According to another aspect of the invention, the housing enclosing the chamber is formed with an inlet and an outlet adapted to limit the escape of the treating fluid from the chamber. Thus, I may provide a pair of rollers at each of these openings to permit the passage of the web while substantially preventing the escape of the fluid.
Yet another feature of the invention resides in the provision of means for introducing a first fluid into the preheating or first zone of the transport path in order to raise the temperature of a web to the saturation temperature of a condensable second fluid introduced at a succeeding zone. Hot air may, advantageously, be employed as the first fluid, While steam serves as the second fluid. I have found that it is often desirable to provide partition means between the zones in order to reduce the possibility that fluid in a first zone can enter another zone along the path. In fact, when the pressure chamber is subdivided into an entry portion, which may constitute the preheating zone, .an intermediate portion constituting the main steaming zone, and an exit portion, the partition means may include movable members adapted to provide a quick closure of each compartment in order to isolate it from the others.
If, as disclosed in the aforementioned copending application, each drum is provided with an exhaust blower or ventilator designated to aspirate the respective treatting fluid therethrough, the successive reduction in the quantity of fluid passed through each unit quantity of material treated may be effected by providing the first drum with, say, two highacapacity blowers, the next drum with two blowers of somewhat smaller capacity, and. the third drum with a single blower. It is also possible to control the fluid displacement by regulating the speed of rotation of the blower rotors.
When successive drums operating at progressively reduced peripheral speeds are employed, or when a relatively fastnnoving drum is followed by a relatively slow-moving conveyor band, the web gathers into a pleat-like configuration upon the surface of the slower drum or band. I have found that, after an initial heating of the web, it is desirable to fold the web into accordion pleats for subsequent treatment by a fluid. Thus, a relatively large quantity of material can be slowly displaced while a treating fluid is drawn therethrough. The folding may be accomplished with the aid of means for selectively opening and blocking perforations on one of the drums so that the latter alternately entrains and releases portions of the web extending along its periphery. Such means may include a shield stationary relatively to the drum and having a first position in which certain of its perforations are blocked as these perforations sweep into the region of the shield. The shield is provided with valve-forming portions periodically open-able to unblock these perforations. The valve-forming portion of the shield may be composed of a plurality of sectoral members constituting a jal-ousle-type arrangement of shutters, or a slidable plate displaceable relatively to a stationary portion of the shield means. The valve can be operated by cam means coupled with the drum and/ or electrical, mechanical or hydraulic contro arrangements well known per se. In this connection it should be noted that it is not necessary for all of the shutters to be operated simultaneously since successive actuation of the shutters as the drum rotates will also achieve the desired result.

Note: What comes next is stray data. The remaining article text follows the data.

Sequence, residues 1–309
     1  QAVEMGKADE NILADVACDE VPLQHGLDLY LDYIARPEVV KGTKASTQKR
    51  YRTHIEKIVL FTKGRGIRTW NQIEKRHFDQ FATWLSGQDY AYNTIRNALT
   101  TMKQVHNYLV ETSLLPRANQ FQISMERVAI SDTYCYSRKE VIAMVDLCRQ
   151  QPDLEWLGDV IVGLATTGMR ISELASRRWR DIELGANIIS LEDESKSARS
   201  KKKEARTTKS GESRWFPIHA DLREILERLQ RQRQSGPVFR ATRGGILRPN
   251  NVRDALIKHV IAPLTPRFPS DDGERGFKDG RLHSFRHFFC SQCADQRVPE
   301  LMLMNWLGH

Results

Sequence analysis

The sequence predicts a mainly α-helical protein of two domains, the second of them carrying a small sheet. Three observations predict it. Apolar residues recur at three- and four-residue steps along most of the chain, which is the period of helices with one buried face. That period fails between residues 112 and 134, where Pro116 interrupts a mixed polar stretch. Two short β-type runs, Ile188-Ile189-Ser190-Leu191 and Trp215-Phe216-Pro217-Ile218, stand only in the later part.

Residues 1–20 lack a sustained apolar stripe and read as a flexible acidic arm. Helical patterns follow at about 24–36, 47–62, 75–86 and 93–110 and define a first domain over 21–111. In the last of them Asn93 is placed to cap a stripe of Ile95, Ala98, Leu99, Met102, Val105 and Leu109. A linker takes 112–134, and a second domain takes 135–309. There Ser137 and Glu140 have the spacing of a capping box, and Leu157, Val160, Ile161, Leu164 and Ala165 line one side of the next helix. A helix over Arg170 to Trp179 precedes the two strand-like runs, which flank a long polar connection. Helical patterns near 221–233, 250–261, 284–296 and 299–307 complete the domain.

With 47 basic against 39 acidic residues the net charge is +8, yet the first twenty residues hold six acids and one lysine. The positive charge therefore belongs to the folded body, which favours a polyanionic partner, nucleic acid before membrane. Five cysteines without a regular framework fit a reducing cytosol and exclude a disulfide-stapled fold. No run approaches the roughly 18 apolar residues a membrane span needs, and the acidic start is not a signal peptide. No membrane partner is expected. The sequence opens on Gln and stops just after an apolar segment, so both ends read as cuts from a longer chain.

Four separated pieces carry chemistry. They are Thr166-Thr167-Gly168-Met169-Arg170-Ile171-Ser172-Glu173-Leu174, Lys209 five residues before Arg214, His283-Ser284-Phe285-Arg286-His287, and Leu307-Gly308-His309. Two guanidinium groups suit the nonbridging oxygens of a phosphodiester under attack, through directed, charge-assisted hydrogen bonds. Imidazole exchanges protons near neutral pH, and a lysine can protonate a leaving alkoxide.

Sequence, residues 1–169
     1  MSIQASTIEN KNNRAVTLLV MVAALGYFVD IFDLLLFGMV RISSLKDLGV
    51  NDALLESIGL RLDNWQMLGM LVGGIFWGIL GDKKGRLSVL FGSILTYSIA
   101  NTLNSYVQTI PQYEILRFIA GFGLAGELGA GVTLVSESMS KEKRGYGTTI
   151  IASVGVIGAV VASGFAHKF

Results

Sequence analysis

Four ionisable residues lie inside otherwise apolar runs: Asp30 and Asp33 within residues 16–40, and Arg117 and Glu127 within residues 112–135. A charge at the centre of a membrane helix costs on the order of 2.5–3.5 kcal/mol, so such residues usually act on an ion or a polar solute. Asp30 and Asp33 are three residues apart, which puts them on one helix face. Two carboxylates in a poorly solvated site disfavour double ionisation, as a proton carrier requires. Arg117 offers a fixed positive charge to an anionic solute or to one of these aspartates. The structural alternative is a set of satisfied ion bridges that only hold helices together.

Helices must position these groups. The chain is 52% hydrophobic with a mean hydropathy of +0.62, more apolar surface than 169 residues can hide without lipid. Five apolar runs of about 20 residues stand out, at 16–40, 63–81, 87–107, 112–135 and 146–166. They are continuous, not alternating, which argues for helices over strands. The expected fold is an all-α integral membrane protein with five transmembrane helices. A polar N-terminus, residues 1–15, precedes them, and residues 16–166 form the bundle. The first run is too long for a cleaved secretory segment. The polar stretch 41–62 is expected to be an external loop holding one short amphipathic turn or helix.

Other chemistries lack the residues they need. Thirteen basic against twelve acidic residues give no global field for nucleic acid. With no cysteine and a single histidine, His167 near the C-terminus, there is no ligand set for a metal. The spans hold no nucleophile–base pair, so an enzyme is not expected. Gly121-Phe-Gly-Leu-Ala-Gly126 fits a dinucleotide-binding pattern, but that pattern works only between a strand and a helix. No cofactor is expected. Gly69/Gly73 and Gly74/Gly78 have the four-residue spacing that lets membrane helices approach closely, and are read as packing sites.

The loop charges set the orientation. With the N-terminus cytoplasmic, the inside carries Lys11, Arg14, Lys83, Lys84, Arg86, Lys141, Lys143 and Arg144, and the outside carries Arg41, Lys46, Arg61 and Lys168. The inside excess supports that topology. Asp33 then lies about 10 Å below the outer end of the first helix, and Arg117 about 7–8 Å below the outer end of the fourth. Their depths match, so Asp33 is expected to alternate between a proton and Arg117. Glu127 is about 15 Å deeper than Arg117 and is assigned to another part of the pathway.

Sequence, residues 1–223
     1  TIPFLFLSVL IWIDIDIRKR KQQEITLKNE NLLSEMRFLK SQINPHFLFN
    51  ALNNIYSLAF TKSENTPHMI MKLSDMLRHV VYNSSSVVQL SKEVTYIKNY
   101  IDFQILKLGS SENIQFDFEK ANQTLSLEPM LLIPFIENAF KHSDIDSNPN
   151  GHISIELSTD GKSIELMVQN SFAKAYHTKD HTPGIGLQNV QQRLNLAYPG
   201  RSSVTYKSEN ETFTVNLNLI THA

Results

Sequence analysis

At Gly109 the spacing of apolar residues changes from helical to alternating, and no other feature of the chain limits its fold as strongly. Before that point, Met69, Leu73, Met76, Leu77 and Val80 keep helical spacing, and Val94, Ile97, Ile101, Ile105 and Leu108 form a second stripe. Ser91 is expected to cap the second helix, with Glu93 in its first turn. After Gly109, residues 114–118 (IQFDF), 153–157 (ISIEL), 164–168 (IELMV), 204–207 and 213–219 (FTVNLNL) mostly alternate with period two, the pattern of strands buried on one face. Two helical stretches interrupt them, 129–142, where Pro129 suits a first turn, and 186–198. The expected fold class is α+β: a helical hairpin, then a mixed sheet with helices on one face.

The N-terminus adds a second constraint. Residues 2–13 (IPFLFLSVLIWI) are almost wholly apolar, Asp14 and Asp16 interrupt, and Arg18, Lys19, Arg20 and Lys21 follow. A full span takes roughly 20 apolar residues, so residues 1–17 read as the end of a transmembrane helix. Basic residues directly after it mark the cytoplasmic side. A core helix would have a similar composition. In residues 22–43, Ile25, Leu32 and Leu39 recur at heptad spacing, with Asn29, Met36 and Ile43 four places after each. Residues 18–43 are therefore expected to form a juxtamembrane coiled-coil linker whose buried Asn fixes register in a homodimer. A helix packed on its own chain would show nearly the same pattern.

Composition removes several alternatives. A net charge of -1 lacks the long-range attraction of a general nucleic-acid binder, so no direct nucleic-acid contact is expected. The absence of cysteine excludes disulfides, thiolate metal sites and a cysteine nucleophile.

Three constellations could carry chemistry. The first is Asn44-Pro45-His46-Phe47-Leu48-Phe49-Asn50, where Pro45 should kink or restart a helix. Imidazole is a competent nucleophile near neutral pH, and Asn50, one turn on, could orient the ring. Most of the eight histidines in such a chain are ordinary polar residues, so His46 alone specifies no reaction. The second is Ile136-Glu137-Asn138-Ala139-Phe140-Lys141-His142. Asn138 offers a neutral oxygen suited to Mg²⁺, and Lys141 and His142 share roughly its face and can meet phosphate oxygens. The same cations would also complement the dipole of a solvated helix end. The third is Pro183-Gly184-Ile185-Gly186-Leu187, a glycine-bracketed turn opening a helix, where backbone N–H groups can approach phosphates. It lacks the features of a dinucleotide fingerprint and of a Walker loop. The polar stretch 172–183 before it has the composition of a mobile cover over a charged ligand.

The above and other objects, features and advantages of my present invention will become more readily apparent from the following description, reference being made to the accompanying drawings wherein:
FIG. 1 is a somewhat diagrammatic longitudinal crosssectional view through an apparatus according to the invention;